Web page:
State Rep. Chris Caruso has taken his allegations of voter fraud and abuse to court.
Standing on the steps of the Fairfield County Courthouse in Bridgeport, Caruso said Wednesday he petitioned the court to review the entire Democratic primary election, including the results. Here’s the lawsuit.
On Sept. 11 Caruso, a mayoral candidate in Bridgeport, lost the Democratic primary to Sen. Bill Finch by about 250 votes, but Caruso never conceded the race saying it was not a fair election. “To concede means to accept,” and by filing the lawsuit “I’m petitioning the court to review the election,” he said.
Caruso refused to answer questions Wednesday about whether he would run in the November election as an independent if he failed to win the lawsuit. He said he would make a decision about his political future at the conclusion of court proceedings, which could take several weeks, perhaps months.
Finch’s campaign spokesman, Tyrone McClain, said in a news release that “It is unfortunate that Caruso is once again painting a black eye on the city of Bridgeport as he did when he lost in 2003, continuing the negative attacks that were the theme of his campaign.”
“Filing complaint after complaint, loss after loss, is not productive and is an insult to Bridgeport voters,” McClain said.
Caruso said all he wanted was a “fair and orderly, honest election,” for every citizen in Bridgeport. What he got was an election where, “The registrar of voters repeatedly violated state statutes and became an advocate for my opponent.”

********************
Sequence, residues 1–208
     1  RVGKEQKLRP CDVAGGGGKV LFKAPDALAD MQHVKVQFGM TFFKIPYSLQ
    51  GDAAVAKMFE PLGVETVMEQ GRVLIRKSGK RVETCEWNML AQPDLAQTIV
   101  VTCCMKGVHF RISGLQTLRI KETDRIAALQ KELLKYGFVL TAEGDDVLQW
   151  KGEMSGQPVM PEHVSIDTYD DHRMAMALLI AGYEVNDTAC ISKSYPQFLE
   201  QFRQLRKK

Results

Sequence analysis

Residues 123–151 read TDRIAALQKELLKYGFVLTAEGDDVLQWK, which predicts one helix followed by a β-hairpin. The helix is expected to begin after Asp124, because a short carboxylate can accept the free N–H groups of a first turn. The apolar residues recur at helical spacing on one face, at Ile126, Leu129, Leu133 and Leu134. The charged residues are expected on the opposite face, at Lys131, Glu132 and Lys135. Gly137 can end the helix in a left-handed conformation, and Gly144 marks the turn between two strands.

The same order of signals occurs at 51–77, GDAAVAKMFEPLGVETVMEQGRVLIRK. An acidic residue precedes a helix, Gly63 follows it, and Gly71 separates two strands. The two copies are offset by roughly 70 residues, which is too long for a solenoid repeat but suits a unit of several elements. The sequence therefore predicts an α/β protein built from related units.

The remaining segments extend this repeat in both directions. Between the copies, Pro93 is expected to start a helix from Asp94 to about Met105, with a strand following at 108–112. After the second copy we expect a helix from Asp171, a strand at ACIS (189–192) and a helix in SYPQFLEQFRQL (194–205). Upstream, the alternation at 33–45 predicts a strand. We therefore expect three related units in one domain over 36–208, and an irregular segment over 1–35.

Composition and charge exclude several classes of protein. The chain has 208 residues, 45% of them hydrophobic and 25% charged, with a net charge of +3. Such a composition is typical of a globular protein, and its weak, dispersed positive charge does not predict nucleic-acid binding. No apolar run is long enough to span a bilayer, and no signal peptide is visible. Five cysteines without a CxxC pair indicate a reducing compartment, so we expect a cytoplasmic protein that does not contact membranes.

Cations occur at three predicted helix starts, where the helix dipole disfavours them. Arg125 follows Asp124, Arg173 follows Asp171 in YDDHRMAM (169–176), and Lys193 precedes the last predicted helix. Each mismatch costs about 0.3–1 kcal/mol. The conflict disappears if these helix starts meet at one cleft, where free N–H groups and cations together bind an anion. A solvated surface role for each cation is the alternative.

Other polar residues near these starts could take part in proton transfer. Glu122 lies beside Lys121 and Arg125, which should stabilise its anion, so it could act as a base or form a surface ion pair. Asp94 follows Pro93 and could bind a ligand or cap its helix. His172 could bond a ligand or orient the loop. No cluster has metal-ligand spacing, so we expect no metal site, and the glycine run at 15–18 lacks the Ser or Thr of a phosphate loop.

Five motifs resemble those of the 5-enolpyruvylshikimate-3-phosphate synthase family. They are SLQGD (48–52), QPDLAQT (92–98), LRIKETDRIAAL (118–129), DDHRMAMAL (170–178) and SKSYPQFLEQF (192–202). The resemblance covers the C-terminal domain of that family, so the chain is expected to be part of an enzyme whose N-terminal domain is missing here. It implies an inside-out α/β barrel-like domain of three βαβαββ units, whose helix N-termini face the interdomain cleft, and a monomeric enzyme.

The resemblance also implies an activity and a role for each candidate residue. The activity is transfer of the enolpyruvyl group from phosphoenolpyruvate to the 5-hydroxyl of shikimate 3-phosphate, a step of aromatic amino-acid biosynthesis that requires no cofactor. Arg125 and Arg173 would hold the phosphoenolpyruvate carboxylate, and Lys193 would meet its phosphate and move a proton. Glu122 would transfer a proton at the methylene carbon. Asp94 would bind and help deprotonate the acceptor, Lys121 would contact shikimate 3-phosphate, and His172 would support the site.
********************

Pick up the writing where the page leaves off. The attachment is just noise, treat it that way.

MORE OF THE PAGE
In nine affidavits submitted as exhibitsto the lawsuit, Bridgeport voters described what they observed at their respective polling places on Sept. 11.
Emeline Bravo-Blackwood who voted at Dunbar School said she observed the moderator instructing a voter ahead of her how to vote by pointing to Bill Finch’s name in Row A. When it was Bravo-Blackwood’s turn, the moderator “again pointed to the Bill Finch line and told us to fill in the circles on that line,” she said in her affidavit.
She said when she walked away from the voting booth she noticed more Finch political literature. She said she took the literature and slid it under the table because it should not have been inside the polling place.
This was also the first time Bridgeport used the new Diebold AccuVote optical scan machines.
In the lawsuit Caruso claims the Registrar of Voters Santa Ayala failed to properly train poll workers, failed to notify his campaign of poll worker positions and failed to ensure the poll worker positions were divided equally between Caruso, who petitioned to get on the ballot, and Finch, the party endorsed candidate.